Olanzapine plasma concentrations may be reduced, decreasing the therapeutic effects. Monitor the clinical response of the patient and adjust the olanzapine dose as needed.Tramadol
Olanzapine may increase the risk of seizures when coadministered with tramadol. Use with caution.
Postural hypotension (5%); hypertension, tachycardia (3%); hypotension, QT interval prolongation (2%); deep venous thrombosis, pulmonary embolism (postmarketing).
Sedation/somnolence (48%); extrapyramidal reaction (32%); akathisia (27%); asthenia, parkinsonism (20%); dizziness, headache (18%); fatigue (14%); insomnia (12%); personality disorder (8%); tremor (7%); abnormal gait (6%); abnormal thinking, auditory hallucinations, dystonic events, hypertonia, restlessness (3%); abnormal dreams, articulation impairment, dysarthria, sleep disorder (2%).
Ecchymosis (5%); acne (2%).
Nasal congestion, rhinitis (7%); nasopharyngitis (6%); ear pain, pharyngitis (4%); amblyopia, epistaxis, pharyngolaryngeal pain, sinusitis (3%).
Increased appetite (29%); dry mouth (22%); constipation, dyspepsia (11%); nausea (9%); diarrhea (7%); abdominal pain, vomiting (6%); toothache, tooth infection (4%); flatulence (2%); pancreatitis (postmarketing).
Vaginal discharge (4%); urinary incontinence, UTI (2%); priapism (postmarketing).
Elevated AST (28%); elevated ALT (12%); elevated GGT (10%); liver enzymes increased (8%); elevated CPK; cholestatic or mixed liver injury, hepatitis, jaundice (postmarketing).
Allergic reactions (including anaphylactoid reaction, angioedema, pruritus, and/or urticaria) (postmarketing).
Elevated prolactin (34%); elevated cholesterol, elevated triglycerides (postmarketing).
Injection-site reaction (including buttock pain, induration, injection-site mass, and injection-site pain) (4%).
Weight gain (31%); peripheral edema (3%); diabetic coma, diabetic ketoacidosis (postmarketing).
Back pain, joint pain (5%); musculoskeletal stiffness (4%); arthralgia, muscle spasms (3%).
Cough (9%); upper respiratory tract infection (4%); respiratory tract infection (3%); sneezing (2%).
Fever, pain in extremity (6%); chest pain, pain (3%); viral infection (2%); discontinuation reactions (including diaphoresis, nausea, or vomiting), rhabdomyolysis (postmarketing).
Elderly patients with dementia-related psychosis treated with antipsychotic drugs are at an increased risk of death compared with those taking placebo. Although the causes of death were varied, most of the deaths appeared to be either CV (eg, heart failure, sudden death) or infectious (eg, pneumonia) in nature. Olanzapine is not approved for treatment of dementia-related psychosis.Postinjection delirium/sedation syndrome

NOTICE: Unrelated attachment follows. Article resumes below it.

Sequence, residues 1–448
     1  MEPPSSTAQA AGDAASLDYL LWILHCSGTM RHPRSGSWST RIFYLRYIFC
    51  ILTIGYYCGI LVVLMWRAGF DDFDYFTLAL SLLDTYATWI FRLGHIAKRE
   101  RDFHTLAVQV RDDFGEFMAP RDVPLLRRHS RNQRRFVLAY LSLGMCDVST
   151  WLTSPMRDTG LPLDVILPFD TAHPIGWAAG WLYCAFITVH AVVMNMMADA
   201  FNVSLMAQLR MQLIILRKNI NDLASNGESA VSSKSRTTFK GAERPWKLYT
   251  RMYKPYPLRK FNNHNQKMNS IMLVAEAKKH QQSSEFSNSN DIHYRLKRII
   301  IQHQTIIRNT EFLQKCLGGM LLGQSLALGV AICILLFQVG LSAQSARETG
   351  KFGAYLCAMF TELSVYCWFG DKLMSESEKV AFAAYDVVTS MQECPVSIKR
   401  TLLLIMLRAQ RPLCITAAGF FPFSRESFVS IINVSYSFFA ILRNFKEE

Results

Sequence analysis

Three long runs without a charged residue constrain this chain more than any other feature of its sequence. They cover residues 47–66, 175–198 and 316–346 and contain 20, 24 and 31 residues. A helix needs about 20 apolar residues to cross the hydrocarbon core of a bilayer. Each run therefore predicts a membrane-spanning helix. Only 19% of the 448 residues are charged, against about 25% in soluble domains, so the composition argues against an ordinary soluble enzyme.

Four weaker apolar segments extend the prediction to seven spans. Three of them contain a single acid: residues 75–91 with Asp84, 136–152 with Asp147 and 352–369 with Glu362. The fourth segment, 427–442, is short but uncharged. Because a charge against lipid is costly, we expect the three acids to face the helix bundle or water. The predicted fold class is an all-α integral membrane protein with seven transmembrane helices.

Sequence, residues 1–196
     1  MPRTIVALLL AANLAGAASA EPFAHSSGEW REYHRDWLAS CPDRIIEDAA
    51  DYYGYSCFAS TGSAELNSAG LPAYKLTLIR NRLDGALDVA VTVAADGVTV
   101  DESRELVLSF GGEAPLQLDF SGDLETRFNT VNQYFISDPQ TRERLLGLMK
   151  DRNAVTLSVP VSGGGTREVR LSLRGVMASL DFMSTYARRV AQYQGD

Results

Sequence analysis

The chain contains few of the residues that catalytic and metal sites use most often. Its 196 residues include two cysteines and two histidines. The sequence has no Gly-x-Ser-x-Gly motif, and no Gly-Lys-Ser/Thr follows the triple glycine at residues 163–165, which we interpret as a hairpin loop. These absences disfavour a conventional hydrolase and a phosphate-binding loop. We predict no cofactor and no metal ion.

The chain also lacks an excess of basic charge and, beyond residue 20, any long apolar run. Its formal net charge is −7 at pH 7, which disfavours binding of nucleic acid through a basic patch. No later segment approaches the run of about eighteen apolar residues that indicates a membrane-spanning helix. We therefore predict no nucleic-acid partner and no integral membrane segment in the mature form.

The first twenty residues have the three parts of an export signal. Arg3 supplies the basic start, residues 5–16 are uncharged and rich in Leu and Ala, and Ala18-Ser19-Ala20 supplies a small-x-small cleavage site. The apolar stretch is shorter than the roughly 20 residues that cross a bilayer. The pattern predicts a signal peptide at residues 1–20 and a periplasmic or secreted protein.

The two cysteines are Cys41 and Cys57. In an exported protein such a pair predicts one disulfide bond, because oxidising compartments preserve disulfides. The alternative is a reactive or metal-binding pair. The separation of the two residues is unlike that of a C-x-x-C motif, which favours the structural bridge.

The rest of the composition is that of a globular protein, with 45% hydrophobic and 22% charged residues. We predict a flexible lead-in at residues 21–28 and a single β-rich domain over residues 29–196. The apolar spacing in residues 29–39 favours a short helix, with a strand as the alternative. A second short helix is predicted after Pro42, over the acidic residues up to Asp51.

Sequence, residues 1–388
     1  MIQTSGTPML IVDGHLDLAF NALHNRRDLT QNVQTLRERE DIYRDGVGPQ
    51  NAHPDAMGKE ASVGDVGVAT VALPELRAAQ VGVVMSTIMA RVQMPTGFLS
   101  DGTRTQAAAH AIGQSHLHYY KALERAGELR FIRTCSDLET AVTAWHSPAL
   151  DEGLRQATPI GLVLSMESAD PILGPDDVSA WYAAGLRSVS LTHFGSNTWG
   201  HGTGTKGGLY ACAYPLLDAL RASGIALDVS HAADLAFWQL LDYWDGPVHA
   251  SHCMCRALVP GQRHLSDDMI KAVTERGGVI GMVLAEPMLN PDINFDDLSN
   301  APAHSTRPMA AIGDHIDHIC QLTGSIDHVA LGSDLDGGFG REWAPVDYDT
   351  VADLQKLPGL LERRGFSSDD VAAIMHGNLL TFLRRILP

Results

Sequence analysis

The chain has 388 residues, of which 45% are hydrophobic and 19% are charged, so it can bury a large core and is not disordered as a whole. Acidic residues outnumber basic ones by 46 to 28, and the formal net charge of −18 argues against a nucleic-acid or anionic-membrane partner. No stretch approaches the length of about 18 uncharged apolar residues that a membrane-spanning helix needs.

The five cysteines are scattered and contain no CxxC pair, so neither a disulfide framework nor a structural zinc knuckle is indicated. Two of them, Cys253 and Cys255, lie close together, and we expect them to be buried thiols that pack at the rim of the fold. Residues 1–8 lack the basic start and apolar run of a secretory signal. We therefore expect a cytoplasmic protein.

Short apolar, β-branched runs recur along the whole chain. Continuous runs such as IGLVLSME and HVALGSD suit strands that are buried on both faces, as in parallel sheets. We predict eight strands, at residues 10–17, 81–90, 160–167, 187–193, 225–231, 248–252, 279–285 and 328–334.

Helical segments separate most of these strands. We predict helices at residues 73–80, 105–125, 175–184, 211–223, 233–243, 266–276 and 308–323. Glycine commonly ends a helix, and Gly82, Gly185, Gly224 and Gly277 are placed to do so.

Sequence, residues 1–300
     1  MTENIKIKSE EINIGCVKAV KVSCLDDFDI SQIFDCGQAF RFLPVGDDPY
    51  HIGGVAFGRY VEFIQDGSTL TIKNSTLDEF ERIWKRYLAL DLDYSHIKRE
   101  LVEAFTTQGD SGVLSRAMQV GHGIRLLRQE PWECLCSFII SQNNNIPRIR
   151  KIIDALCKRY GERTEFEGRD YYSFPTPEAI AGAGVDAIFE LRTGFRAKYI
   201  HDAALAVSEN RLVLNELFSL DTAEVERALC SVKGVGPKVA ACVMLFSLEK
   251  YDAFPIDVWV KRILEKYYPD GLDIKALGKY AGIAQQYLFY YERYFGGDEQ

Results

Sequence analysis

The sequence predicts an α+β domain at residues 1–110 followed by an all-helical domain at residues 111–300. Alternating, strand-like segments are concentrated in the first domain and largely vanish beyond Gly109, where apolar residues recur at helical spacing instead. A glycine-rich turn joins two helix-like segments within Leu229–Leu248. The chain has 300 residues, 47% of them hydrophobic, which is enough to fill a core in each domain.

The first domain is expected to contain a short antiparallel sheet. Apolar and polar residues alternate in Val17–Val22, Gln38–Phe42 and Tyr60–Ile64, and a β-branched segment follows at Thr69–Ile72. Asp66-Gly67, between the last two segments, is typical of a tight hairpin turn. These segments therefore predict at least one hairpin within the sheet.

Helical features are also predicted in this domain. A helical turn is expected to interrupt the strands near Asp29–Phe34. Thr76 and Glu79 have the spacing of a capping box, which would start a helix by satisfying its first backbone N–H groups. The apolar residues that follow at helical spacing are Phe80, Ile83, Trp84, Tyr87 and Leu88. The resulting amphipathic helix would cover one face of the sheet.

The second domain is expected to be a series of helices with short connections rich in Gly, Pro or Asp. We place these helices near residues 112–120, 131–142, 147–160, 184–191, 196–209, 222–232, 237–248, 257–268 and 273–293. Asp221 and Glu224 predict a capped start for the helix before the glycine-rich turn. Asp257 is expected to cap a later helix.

Adverse reactions with signs and symptoms consistent with olanzapine overdose, in particular sedation (including coma) and/or delirium, have been reported following administration of olanzapine ER injection. Olanzapine ER injection must be administered in a registered health care facility with ready access to emergency response services. Patients must be observed at the facility by a health care provider for at least 3 h after each injection. Health care provider, health care facility, patient, and dispensing pharmacy must be enrolled in the Zyprexa Relprevv Patient Care Program. Olanzapine ER injection is available only through a restricted distribution program.
Assess LFTs periodically; monitor blood glucose for hyperglycemia, and assess patient for symptoms of hyperglycemia (eg, polydipsia, polyuria, polyphagia), especially in patients with diabetes. In patients receiving treatment for extended time, periodically reevaluate the long-term usefulness of continued therapy. Monitor baseline and follow-up lipid levels. Regularly monitor patient's weight.
Category C .
Excreted in breast milk.
Safety and efficacy not established for treatment of bipolar disorder or schizophrenia in children younger than 13 y of age. Safety and efficacy not established for use in combination with fluoxetine or for the injection formulations in patients younger than 18 y of age.
Consider a lower starting dose.
Use with caution.
Special Risk Patients
Use with caution in patients with clinically important prostatic hypertrophy, cerebrovascular disease, conditions that predispose patients to hypotension (eg, dehydration, hypovolemia), CV disease, narrow-angle glaucoma, or a history of paralytic ileus.
Body temperature regulation
Antipsychotics disrupt the ability to reduce core body temperature. Use with caution in patients who will experience conditions that may contribute to an elevation in core body temperature (eg, concomitant anticholinergic therapy, exposure to extreme heat, strenuous exercise, subject to dehydration).
Cerebrovascular adverse reactions
Cerebrovascular adverse reactions (eg, stroke, transient ischemic attack), including fatalities, were reported in elderly patients with dementia-related psychosis.
Cognitive and motor impairment